A SOBBING woman said she could have killed someone after being drunk at the wheel, begging magistrates to take her driving licence away from her.

Ann-marie Bullock of Lilac Avenue, Worcester repeatedly broke down in tears at Worcester Magistrates Court on Thursday, telling the court about her struggles with her mental health as she seeks help for her issues.

The 62-year-old already had 10 penalty points on her licence when magistrates added a further 10 penalty points for failing to provide a specimen for analysis, resulting in an immediate driving ban.

Bullock admitted the offence after she was suspected of being drunk in charge of a vehicle in Worcester on August 16 this year.

Liz Blacklock, prosecuting, said a reading of 116mcg of alcohol was taken at the roadside (the legal limit is 35mcg) but she failed to provide an evidential sample at the police station.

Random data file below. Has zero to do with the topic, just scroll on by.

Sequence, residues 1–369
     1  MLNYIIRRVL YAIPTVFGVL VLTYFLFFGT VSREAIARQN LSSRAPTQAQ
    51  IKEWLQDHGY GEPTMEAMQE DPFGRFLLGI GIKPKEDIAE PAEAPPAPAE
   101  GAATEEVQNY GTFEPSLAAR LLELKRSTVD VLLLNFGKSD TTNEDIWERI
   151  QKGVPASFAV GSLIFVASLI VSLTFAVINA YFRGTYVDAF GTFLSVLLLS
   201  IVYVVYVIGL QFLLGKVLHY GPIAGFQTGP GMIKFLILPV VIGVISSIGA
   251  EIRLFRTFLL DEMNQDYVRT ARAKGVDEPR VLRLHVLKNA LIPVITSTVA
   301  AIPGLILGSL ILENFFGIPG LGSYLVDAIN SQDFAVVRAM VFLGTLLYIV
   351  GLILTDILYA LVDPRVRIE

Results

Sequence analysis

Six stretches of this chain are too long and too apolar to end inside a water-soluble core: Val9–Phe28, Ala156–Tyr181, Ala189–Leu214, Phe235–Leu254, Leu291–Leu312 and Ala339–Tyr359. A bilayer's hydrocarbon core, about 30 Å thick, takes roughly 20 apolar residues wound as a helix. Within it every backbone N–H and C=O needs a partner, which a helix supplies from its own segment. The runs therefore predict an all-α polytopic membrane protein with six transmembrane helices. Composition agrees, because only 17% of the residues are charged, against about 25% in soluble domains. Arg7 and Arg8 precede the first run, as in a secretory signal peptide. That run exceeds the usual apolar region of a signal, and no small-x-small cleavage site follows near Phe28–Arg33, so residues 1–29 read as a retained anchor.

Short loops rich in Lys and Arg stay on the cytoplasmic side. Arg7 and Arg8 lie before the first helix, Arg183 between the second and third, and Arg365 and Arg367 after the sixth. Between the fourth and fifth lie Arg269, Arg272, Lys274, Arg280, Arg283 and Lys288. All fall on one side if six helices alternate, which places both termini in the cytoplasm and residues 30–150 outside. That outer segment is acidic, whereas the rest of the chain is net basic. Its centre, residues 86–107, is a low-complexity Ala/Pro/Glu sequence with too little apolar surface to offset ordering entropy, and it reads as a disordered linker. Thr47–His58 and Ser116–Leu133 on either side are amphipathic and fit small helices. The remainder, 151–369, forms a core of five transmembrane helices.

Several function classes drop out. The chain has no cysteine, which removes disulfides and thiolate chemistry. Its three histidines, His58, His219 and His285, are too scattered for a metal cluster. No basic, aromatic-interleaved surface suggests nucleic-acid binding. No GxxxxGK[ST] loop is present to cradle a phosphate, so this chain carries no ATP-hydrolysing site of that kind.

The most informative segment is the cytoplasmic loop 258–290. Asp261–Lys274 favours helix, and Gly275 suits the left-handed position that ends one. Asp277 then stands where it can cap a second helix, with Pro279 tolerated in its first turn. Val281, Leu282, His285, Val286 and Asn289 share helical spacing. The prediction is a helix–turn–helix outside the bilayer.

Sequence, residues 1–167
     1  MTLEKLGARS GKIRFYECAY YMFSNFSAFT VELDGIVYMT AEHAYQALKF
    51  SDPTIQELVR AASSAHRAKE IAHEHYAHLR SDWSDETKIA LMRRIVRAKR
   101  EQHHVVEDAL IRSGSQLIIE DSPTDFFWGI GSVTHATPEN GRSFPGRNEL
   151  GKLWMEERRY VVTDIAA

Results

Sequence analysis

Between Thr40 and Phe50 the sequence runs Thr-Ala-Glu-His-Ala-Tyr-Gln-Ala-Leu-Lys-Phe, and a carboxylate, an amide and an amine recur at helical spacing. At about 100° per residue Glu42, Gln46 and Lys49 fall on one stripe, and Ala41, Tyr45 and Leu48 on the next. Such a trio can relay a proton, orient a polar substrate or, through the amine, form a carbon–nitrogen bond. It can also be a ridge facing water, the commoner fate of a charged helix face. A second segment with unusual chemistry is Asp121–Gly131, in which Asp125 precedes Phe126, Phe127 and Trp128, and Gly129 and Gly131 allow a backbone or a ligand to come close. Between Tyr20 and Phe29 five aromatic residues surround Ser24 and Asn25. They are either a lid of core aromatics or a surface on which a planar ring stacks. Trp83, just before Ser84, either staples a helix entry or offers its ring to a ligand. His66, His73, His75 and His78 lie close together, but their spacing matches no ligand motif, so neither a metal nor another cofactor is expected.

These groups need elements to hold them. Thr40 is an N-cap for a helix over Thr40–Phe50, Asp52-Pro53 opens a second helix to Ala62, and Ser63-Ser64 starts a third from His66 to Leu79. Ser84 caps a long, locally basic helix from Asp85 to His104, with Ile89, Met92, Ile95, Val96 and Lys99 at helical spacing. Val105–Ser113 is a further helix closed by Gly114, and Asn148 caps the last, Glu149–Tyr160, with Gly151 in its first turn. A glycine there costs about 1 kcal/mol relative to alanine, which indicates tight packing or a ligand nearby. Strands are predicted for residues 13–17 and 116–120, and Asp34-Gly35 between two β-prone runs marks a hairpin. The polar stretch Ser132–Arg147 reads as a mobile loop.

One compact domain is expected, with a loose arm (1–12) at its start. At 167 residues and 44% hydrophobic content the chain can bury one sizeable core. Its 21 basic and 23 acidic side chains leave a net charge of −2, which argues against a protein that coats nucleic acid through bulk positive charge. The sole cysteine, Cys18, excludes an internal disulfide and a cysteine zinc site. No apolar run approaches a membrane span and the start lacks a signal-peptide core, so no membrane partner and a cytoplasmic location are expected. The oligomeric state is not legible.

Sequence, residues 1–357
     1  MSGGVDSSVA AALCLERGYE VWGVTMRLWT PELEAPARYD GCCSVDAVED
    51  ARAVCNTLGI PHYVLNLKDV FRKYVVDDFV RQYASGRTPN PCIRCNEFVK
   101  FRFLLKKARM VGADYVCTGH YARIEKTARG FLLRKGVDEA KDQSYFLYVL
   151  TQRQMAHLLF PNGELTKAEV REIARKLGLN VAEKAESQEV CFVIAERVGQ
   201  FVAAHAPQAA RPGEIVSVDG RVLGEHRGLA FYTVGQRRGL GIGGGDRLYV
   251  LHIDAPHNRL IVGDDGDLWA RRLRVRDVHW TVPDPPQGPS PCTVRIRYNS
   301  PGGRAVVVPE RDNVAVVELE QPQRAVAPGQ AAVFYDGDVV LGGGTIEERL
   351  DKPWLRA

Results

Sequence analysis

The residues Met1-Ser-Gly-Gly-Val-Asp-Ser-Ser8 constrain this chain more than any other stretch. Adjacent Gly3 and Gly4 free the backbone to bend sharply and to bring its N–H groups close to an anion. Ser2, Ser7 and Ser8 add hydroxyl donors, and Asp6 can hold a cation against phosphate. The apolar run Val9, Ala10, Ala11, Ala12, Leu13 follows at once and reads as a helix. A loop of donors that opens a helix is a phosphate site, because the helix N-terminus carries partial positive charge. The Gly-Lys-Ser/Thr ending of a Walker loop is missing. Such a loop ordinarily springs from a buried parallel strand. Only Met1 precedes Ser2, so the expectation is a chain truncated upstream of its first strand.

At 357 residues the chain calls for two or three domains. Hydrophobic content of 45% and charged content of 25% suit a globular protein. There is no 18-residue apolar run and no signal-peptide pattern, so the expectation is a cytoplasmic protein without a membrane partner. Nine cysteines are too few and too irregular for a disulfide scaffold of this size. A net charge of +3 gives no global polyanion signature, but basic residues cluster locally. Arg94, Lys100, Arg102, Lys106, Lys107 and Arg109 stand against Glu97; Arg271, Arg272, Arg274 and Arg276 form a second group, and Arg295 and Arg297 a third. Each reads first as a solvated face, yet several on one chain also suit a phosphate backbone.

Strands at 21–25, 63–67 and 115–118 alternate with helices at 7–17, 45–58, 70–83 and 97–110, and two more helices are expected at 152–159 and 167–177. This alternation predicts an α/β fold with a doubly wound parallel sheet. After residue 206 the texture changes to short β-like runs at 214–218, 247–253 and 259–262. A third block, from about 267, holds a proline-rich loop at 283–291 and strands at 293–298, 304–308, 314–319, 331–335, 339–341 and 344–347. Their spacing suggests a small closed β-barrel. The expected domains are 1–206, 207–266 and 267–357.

Asked if there were any medical reasons why should could not provide a specimen, Bullock answered no.

"There is no evidence of any deliberate failure" said Miss Blacklock.

Bullock, who represented herself, said: "Your Honour, ladies, I'm deeply sorry for what I have done. I have been drink driving. I put my hands up."

Breaking down in tears, she told the bench: "I've got a lot of issues going on. I don't make any excuses. I'm so deeply sorry and I'm so deeply sorry if I hurt anybody."

Bullock said 'I don't need a solicitor to tell you what is going on in my head', telling magistrates she was getting support from mental health team Cranstoun which provides support to people battling substance misuse issues and from her doctor.

She added: "You take my licence off me please so I'm not going to be a liability to anyone else. Think before you drink and drive. I'm so sorry, so deeply sorry. It's a struggle when you're on your own with your mental health. Thank you so much for listening to me."

Bullock added: "I could have killed someone your Honour. I do apologise, lords and ladies. I'm struggling but I will get there. I will get there."

Magistrates accepted she had shown remorse, imposing 10 penalty points. This made her a totter and they banned her from driving for six months, fined her £80, ordered her to pay a contribution to costs of £135 and a victim surcharge of £34.

These fines were consolidated with her other outstanding court debts.